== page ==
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Can OC Change account from charge off to open?


cali11
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Had an accout with GEMB/BRANDSOURCE the DOFD was 9-2005.So this account was sold to Arrow and they had a $6,000 ballance against it.I sent a DV leter to Arrow and disputed it with the CRAs,I also disputed GEMB/BRANDSOUR with the CRAs.Arrow was delted with all 3 CRAs and was still being disputed with GEMB/BRAND SOURCE.Arrow was reporting it as an open account and GEMB was reporting it as a "Charge off sold".Well today EQ reports it as 120+ DAYS PAST DUE and my Vanity score went from 647 to 570.Where it said charge off before it now says 120 plus day late/Its no longer a charge off.If they sold the account to Arrow,how can they be reporitng it?Also if they charged it off,is it legal for them to open the account up again?This really sucks!

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By them changeing it from charge off, to 120 plus days late,it really hurt my vanity score.Not sure what it did to my fico as it was a 650 before this.Ive had some luck on a few things,but have done more harm that good by disputing some of these.Im bummed.

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By them changeing it from charge off, to 120 plus days late,it really hurt my vanity score.Not sure what it did to my fico as it was a 650 before this.Ive had some luck on a few things,but have done more harm that good by disputing some of these.Im bummed.

Did GEMB's entry specifically state "sold" or did it simply state "charge off"?

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The OC can report even if they sell the account. If an OC charges off an account, even if they send it to collections, they can still report and update.

BUT, if they did sell it, they're entry can remain on your credit report, but it should show a -0- balance.

I would dispute the account with the credit reporting agencies as being sold. If it comes back verified, contact GEMB and ask them what's going on. Find out if it has, indeed, been sold.

Take heart. Since the date of first delinquency was 9/2005, the account should fall off your CR in the next year to year and a half.

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The term "charge-off" is an accounting term used by creditors, meaning that a creditor has transferred an account from its "accounts receivable" books to its "bad debt" ledger. Credit card issuers are required to do this by the federal Office of the Comptroller of Currency, in an attempt to prevent banks from inflating future earnings statements with old and defaulted accounts.

If there is a law that says the OC can report after they sell the account and list it as 120 days late show it to me. Once it has been charged off and sold it has to be reported as such.

Read the FCRA section 623.

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I already disputed it, and that was there pay back!What there doing is making it look like a new account thats 120 days late.I already took the hit of being 120 days late on this account 6 years ago.Can they really hit again with another 120 days late, 6 years later?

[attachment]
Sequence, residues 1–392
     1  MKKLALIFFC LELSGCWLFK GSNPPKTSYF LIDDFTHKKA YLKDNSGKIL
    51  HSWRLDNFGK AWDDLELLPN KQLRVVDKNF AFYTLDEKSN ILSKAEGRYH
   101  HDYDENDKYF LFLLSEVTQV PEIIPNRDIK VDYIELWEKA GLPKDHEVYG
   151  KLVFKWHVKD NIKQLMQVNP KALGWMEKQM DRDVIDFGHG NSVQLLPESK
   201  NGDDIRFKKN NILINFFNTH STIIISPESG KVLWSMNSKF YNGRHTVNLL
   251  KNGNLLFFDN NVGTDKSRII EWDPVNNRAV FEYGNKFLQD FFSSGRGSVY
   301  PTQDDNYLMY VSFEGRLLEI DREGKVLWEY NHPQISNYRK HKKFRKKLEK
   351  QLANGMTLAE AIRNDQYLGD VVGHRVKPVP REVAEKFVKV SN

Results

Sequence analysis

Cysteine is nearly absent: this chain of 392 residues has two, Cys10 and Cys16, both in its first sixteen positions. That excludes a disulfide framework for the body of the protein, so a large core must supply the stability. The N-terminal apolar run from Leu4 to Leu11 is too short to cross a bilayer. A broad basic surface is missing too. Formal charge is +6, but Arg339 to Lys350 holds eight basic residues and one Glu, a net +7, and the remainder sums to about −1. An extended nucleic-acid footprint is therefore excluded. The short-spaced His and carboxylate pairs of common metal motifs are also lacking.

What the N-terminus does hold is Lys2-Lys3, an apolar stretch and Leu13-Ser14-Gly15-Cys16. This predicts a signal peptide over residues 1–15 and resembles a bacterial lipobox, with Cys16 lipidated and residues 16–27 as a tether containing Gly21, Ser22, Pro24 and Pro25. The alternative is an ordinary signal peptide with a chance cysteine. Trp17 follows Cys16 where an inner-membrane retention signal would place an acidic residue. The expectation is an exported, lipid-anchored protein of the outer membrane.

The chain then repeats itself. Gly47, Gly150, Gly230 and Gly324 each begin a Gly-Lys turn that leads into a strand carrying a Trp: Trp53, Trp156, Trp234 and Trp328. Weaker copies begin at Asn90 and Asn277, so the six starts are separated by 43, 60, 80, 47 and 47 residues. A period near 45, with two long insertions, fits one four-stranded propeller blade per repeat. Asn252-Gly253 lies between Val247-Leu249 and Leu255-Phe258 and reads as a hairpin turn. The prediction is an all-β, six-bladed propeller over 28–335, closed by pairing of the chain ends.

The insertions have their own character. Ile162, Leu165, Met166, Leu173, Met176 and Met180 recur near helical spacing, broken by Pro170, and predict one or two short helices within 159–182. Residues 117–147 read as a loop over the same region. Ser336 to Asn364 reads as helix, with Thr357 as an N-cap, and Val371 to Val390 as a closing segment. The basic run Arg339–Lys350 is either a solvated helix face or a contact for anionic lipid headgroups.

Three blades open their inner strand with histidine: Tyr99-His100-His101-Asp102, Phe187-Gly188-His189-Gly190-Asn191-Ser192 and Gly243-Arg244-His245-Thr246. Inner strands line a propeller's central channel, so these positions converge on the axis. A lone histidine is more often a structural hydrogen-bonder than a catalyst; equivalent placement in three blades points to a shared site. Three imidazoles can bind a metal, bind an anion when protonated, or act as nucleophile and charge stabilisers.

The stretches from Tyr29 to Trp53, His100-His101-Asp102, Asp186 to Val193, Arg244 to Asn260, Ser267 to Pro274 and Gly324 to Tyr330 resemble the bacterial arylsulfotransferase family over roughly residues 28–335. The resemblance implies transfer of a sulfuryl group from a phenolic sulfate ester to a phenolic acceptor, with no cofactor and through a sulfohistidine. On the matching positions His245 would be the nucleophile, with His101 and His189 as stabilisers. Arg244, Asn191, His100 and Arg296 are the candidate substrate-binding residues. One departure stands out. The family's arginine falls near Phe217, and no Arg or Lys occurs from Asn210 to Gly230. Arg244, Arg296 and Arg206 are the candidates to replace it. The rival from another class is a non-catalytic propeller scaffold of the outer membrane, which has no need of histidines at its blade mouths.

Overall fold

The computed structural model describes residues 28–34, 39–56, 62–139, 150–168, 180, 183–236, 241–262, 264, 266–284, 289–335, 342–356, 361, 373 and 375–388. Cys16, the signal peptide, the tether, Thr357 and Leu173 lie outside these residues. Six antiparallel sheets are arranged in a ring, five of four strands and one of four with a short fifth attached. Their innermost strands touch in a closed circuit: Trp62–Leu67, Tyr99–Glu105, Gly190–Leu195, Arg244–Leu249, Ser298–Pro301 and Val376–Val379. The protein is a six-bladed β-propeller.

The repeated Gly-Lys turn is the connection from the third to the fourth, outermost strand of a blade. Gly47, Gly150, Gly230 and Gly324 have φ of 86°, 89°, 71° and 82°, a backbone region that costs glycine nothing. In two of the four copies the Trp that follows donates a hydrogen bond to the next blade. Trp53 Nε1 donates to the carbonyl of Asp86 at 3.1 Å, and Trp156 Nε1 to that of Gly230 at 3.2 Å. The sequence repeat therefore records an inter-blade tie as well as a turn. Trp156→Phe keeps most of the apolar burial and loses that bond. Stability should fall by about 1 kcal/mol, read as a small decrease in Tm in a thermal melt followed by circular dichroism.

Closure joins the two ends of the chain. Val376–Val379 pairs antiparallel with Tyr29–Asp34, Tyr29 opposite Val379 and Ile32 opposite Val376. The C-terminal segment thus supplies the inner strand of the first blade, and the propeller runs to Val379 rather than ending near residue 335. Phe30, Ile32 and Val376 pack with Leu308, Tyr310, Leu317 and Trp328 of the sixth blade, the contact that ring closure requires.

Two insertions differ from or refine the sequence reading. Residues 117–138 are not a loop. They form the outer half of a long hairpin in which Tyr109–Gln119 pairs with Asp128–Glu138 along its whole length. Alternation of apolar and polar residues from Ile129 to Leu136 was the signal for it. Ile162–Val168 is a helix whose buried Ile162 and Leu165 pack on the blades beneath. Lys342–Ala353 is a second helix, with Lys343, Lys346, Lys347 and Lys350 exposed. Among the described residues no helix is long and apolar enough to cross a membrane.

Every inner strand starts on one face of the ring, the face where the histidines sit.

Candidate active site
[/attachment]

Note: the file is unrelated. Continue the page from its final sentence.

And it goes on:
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Sometimes, when confronted with an informed consumer, a JDB will "sell" an account back to the OC. Its also possible that the "sold to another lender" notation was in error.

You need to write to GEMB and ask if they still own the account...

I didn't know a JDB could sell an account back to the OC. If a JDB purchases defaulted debts in a portfolio of numerous debt, how does that work?

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Depends on the OC and the T&Cs of the "sales" contract....and, not all debts are sold in bulk. There are some onesy / twosy deals made.

Charge off has nothing to do with "sold". A debt can be COed without being sold. And, if its sold for the full balance owed, it can be sold without being COed.

But...chances are...the "sold to another lender" notation was erroneous. They probably just gave it to a CA to do the hassling, and the CA gave it back.

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OCs can do stupid things, too. I remember the first instance I had in dealing with collections issues. At the time I lived in New Jersey. I subscribed to the New York Times newspaper (this was long before the internet) to be delivered to my apartment. They did a terrible job of delivery, and after a couple dozen calls to try to get it corrected, and listening to excuse after excuse, I told them to cancel. The said they could not do that with no explanation why. So I just quit paying. Over the next couple months I got about 8 papers. The bills said past due and I still didn't pay. Finally, it all stopped. Then I got a collections department bill. Still I refused to pay and ignored it. Then I moved out of state. A couple months after that I got a collections letter from a CA. I ignored that, too. Finally I got a new bill from the New York Times itself. It had a zero past due balance, and new billing for yet another month of probably non-delivery to an apartment I no longer lived at. They resumed my subscription because the account was now in zero balance, having been sold to a debt buyer. I finally sent them a letter that did nothing by tell them how stupid they were over about 5 paragraphs. Never heard from them again. I actually first checked my CR about 3 years later and none of that was on there.

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